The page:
Ascent of Mount Guyot on 2012-04-27
|Other People:||Solo Ascent|
Only Party on Mountain
|Date:||Friday, April 27, 2012|
|Ascent Type:||Successful Summit Attained|
| Location:||USA-North Carolina/Tennessee|
| Elevation:||6621 ft / 2018 m|
Ascent Trip ReportWhat a weird week this turned out to be. Ticked off a few 6K peaks and the Kentucky state HP, but the weather put a damper on much of my other plans. However, when dawn broke on Friday, April 27, and it wasn’t raining, I geared up and headed to the Cosby Campground to try and get to the top of Old Black and Mount Guyot.
Got to the Cosby campground at 7:15. The Snake Den Ridge Trail, which takes you to the Appalachian Trail (AT) and the peaks, starts at campsite B51. Don’t try and drive up there, as there is no parking. You have to park in Hiker Parking near the entrance kiosk. This adds a quarter mile or so. This early in the season, B section wasn’t even open. The gate was closed. I was hiking up to the trailhead by 7:20. Weather was grey and damp, but a fair piece better than the snow, hail and rain we saw all week. The Snake Den Ridge Trail follows its eponymous ridge, starts at the aforementioned campsite (at about 2,300 feet) to the AT (at about 5,800) after 5.3 miles. The first mile or so is on a gravel road, part of the old community that lived in this area. Now it is a maintenance road. There is a small cemetery to the right of the trail before the road ends, that is worth a visit. After the trail begins, it is gradual until you cross the Inadu creek. Since we had tons of rain and some snow, Inadu was a tough crossing (I was going ultralight and didn’t bring my hiking poles). After Inadu, there are a bunch of switchbacks that don’t match the indicated trail on many of the topo maps…my route, captured by my Garmin, is posted on peakbagger.com if you want to see the current trail.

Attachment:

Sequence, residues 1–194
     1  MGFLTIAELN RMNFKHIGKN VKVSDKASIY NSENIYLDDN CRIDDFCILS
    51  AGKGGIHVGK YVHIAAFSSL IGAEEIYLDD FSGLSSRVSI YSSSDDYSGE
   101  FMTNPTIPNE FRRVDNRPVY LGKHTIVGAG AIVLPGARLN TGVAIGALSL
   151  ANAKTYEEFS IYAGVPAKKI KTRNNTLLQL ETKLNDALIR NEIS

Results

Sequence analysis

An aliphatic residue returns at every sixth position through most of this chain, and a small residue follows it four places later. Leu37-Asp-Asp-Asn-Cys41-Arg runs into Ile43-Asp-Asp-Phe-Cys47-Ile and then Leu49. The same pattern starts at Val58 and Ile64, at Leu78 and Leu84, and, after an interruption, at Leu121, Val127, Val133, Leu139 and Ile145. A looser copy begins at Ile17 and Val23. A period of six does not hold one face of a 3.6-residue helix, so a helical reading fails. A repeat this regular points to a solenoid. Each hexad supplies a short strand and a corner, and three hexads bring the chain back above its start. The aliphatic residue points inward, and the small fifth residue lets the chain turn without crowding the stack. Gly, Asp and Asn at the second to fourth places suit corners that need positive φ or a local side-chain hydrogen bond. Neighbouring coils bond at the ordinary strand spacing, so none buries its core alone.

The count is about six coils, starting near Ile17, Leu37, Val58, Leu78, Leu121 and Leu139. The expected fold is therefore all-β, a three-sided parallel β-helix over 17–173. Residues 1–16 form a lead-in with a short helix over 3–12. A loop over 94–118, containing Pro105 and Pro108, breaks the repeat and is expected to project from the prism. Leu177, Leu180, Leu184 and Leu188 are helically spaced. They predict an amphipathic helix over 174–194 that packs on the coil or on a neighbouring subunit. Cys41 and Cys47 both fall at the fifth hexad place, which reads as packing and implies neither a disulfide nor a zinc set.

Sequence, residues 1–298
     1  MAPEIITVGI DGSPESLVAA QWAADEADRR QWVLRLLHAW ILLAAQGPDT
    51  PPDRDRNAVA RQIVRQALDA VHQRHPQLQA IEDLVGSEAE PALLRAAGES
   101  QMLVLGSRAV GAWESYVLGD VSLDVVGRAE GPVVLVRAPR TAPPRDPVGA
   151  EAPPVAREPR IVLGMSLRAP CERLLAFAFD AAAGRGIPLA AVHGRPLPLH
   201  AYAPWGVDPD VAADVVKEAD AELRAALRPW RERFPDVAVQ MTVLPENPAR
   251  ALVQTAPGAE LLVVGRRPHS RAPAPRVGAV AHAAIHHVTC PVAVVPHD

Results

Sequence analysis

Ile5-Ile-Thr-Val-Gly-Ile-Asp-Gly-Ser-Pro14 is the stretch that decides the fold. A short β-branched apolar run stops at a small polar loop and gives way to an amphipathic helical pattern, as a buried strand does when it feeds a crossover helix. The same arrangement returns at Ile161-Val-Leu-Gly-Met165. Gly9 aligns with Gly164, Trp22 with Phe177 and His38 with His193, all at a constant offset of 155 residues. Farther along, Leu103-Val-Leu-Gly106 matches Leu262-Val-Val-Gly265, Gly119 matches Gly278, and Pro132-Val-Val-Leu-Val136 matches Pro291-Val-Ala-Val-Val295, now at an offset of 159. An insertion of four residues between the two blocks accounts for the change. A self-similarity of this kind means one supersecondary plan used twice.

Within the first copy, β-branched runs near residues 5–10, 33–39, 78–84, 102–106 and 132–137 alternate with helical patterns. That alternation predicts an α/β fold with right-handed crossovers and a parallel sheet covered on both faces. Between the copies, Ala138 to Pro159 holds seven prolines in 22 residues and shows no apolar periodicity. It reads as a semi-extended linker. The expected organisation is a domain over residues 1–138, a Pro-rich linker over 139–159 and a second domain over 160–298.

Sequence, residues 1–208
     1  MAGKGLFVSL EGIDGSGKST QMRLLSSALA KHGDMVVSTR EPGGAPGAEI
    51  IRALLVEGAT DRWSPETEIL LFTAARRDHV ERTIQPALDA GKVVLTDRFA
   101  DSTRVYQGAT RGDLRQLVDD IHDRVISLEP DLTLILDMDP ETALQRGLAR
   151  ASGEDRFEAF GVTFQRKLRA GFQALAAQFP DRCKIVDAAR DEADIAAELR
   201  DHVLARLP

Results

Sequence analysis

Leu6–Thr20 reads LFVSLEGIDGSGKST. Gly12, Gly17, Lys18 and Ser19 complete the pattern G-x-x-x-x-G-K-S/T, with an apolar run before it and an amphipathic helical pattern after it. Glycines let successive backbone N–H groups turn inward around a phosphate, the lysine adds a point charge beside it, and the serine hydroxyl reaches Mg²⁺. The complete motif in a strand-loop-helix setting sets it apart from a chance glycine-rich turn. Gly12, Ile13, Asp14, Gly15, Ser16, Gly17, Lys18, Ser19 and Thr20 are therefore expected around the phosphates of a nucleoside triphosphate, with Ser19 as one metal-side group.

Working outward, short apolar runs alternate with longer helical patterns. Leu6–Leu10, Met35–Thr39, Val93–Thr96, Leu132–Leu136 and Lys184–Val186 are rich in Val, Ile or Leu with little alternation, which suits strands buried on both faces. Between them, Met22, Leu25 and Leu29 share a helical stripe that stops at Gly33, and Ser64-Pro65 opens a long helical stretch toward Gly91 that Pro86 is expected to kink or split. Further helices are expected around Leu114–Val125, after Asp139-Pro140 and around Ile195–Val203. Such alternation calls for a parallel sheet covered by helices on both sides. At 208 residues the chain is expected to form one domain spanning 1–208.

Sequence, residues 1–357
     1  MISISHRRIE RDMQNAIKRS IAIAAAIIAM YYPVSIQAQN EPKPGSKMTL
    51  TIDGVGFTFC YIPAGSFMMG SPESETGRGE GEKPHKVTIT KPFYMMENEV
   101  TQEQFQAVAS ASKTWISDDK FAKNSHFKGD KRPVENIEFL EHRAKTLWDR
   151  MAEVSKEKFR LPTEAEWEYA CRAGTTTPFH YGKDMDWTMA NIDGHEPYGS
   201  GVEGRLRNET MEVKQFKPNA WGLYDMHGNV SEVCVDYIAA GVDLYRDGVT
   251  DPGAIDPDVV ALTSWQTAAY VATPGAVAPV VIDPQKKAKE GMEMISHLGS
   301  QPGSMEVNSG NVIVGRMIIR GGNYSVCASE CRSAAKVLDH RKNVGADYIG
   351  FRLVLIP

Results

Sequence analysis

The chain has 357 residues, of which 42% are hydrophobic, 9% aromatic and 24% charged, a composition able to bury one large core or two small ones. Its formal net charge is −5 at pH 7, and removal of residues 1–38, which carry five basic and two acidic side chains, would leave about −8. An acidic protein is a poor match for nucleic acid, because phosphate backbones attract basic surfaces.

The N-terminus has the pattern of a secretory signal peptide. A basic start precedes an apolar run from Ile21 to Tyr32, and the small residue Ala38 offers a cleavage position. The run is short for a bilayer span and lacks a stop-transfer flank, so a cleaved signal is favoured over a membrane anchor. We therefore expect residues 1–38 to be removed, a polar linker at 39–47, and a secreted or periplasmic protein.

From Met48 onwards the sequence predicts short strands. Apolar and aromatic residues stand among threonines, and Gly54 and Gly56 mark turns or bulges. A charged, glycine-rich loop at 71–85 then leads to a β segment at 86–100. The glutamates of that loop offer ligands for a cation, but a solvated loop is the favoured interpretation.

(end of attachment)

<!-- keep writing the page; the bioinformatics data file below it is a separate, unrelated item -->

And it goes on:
Right before you get to the AT, look around you, you will see the wreckage of an Air Force F-4 Phantom that slammed into Inadu Knob in 1984. There are other pieces on the other side of the ridge (where it hit). Sad area. I was the only person on the Snake Den Ridge trail, but when I popped out on the AT, I started to meet through hikers heading north. I was a disconcerting sight to some of them, as they were geared up for Katahdin, and I just had on a small day/hydro pack (one hiker stopped on the trail and sized me up…”whoa, where did YOU come from?”). As you hike southbound on the AT, you will see other pieces of the fighter on the left. Moving down the trail, the fog was breaking up, giving me some great views of the Smokies. The trail was very wet, but I was still making good time.